My Wonderful World is thrilled to introduce our second guest blogger, Silvia Tolisano. Silvia is the Technology Integration Facilitator at San José Episcopal Day School in Jacksonville, Florida, where she has established a Global Studies program. In this first of three posts, she describes how she uses Web 2.0 technology and a lovable teddy bear named José to bring the world--and 21st century learning--to her students.
Part I- Global
Studies- Making Connections with the World Around Us
I am sure you have heard of the saying: Geography is all around us? When I first arrived in the United States, almost 20 years ago, I learned quickly that for many people that did not seem to be the case. I had the following kind of conversation more than once.
Becoming a teacher later on, I knew it would be important for me to instill in my students a sense of “Where in the World” are we, in relationship to other countries, people, cultures, customs, and traditions.
I was instrumental in establishing a Global Studies program
at San José Episcopal Day School, a private elementary school that serves
students from pre-kindergarten through 6th grade. Geography skills
play a significant part in forming connections with a greater world: a world
that is bigger than our own backyard in Jacksonville, Florida
Through a grant from the Jessie Ball duPond Fund, myself and another teacher were able to travel physically to China in 2006 (http://www.sjeds.com/blog/china)and Egypt in 2007 (http://www.sjeds.com/blog/egypt ).
Through the use of web 2.0 tools, we were able to take our students along virtually. Daily entries to the travel blogs kept the school and the travelers connected, while photos, video clips, audio files and video conferencing brought the experience to life. The school was transforming their traditional classroom, blurring the boundaries of space, time and closed walls. Opening these dimensions created opportunities for students and teachers alike to become engaged co-learners.
We took the school mascot José, the Bear, on the trip and
reported the travel adventure back from the bear’s perspective. Each grade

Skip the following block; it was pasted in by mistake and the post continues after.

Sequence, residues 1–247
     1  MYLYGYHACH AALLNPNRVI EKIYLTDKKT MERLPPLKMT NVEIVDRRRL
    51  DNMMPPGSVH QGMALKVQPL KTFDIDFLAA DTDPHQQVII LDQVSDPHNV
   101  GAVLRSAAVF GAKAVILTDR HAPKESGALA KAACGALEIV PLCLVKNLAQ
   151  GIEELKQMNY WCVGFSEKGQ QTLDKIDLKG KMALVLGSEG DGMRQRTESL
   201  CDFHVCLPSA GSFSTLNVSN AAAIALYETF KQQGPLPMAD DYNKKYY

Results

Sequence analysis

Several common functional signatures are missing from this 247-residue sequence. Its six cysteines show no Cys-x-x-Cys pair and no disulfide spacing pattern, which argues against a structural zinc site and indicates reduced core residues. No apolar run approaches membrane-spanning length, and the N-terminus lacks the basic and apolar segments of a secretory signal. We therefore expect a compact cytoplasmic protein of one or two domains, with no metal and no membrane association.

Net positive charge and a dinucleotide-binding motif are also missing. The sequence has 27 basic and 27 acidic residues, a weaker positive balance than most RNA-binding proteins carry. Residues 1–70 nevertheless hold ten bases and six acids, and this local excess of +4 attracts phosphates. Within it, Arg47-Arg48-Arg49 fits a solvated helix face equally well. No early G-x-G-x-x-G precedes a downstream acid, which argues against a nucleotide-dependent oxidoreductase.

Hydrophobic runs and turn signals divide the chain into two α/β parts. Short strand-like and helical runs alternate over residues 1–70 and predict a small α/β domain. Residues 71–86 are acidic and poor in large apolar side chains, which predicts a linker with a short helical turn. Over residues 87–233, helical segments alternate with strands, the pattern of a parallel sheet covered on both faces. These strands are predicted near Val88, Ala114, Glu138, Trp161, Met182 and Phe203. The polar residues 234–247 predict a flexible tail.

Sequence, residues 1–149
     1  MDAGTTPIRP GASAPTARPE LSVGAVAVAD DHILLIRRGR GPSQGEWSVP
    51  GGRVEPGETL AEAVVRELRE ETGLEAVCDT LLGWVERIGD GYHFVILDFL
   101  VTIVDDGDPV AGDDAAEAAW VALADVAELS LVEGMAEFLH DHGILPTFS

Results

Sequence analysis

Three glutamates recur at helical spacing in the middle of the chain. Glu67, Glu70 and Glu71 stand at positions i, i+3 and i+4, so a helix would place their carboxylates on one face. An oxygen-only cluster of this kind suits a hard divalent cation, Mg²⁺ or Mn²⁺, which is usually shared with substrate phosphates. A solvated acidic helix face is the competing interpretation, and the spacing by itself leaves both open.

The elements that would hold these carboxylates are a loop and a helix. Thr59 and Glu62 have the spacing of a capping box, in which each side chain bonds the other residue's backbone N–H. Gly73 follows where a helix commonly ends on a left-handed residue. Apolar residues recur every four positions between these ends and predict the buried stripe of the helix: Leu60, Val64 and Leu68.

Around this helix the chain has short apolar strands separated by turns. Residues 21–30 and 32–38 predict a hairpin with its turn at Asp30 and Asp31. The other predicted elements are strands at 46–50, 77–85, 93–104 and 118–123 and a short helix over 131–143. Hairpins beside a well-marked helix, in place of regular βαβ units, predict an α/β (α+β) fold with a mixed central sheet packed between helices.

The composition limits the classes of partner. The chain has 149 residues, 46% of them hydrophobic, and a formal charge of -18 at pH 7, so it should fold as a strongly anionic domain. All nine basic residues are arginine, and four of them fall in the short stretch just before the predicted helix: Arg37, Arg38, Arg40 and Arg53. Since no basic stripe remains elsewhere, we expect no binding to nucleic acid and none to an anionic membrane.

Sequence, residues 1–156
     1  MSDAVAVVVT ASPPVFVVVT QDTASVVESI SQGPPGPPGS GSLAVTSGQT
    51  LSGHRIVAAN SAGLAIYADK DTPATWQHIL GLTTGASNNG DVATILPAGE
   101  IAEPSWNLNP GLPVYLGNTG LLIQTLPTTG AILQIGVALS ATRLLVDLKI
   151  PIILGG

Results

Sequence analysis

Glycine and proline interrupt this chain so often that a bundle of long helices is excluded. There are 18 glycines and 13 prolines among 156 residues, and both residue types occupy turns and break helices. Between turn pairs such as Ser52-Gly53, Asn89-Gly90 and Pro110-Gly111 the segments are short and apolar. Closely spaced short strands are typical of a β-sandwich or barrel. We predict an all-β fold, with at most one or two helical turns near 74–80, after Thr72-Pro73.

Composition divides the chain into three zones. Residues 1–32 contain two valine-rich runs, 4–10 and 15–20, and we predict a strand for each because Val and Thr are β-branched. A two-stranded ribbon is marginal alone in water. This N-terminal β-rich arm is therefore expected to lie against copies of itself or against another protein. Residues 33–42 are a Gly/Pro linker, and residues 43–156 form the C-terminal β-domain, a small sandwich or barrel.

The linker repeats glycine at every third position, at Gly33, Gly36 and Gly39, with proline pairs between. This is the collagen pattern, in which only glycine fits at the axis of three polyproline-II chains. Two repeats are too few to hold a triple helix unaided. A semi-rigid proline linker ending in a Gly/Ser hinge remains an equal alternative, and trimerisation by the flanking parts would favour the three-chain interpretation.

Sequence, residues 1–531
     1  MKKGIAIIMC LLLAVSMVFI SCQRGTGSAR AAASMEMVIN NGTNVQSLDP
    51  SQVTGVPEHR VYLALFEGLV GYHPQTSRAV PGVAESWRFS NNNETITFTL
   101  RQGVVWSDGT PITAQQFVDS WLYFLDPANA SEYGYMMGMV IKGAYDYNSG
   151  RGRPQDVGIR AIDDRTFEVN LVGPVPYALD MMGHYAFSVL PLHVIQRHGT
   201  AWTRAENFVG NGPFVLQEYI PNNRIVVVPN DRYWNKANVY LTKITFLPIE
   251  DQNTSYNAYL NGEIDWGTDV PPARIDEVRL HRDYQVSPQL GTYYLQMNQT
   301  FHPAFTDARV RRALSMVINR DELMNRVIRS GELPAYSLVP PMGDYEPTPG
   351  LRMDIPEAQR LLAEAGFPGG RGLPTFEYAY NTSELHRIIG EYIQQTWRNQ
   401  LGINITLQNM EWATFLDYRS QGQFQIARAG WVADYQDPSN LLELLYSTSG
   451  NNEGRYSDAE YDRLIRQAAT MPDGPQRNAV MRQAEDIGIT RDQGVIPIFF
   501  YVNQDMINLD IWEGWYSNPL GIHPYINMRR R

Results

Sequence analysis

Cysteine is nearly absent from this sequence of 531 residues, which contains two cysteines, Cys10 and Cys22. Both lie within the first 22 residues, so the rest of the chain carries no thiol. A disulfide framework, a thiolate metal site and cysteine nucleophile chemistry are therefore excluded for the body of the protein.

level spent a day in school, before the trip, bonding with the stuffed animal
and sent him off with a special trinket, accessory or outfit to take on his
journey. The desired connection was evident for the children, when they would
see José wearing “their” present in a photo or video from the Great Wall of
China or in front of the Pyramids in Giza.
Students were eager to follow José and us, the teachers, on our adventure. We mapped our trip on Google Earth (http://www.googleearth.com ) and added screenshots to our blog entries.
Since our trip was in the winter holiday month of December, it was especially exciting for our elementary school students when they read on the blog (http://www.sjeds.com/blog/china/archives/40 ):
“The airplane flew an amazing route. Can you tell from the picture where we were flying over?
That is right…. THE NORTH POLE!!! WOW.
No, we could not see anything below, since it was dark. So we cannot claim a Santa Clause sighting. We are sorry…
The captain of the plane informed us that we flew over Newfoundland, Labrador, East of the North Pole, Siberia, Mongolia and then across China South to Hong Kong."
Once José had returned from his travels, it was not long before students started asking, if they could take the Bear on a family vacation. The school received a donation from Build-a-Bear (http://www.buildabear.com/) for 50 additional identical twin brothers, sisters and cousins of our school mascot. Students and their families are checking them out in record numbers and returning them with a souvenir from the country that they have visited, along with pictures of the student with the Bear or blog posts. The father of one of our school’s families has been deployed to Kuwait this past school year (http://sjeds.com/blog/teddybear/2008/03/jose-in-kuwait/). He took a Travel Bear with him and has been communicating through a blog with our students.
Once the Teddy Bears return to Florida, the stuffed animals are placed on a shelf under the name of the country it has visited, the photo is added to a wall collage and a teddy-face sticker is placed on the location of their travels on a giant world map.
Students are mesmerized and linger for a long time in front of these items in our computer lab.This proved to us that personal connections, like a classmate’s picture, a story of a familiar character, or personal object will support sustained interest and enthusiasm in a subject.
Silvia Rosenthal Tolisano
Technology Integration Facilitator
San Jose Episcopal Day School
Professional Blog- LANGWITCHES – The Magic of Learning through Technology http://www.langwitches.org/blog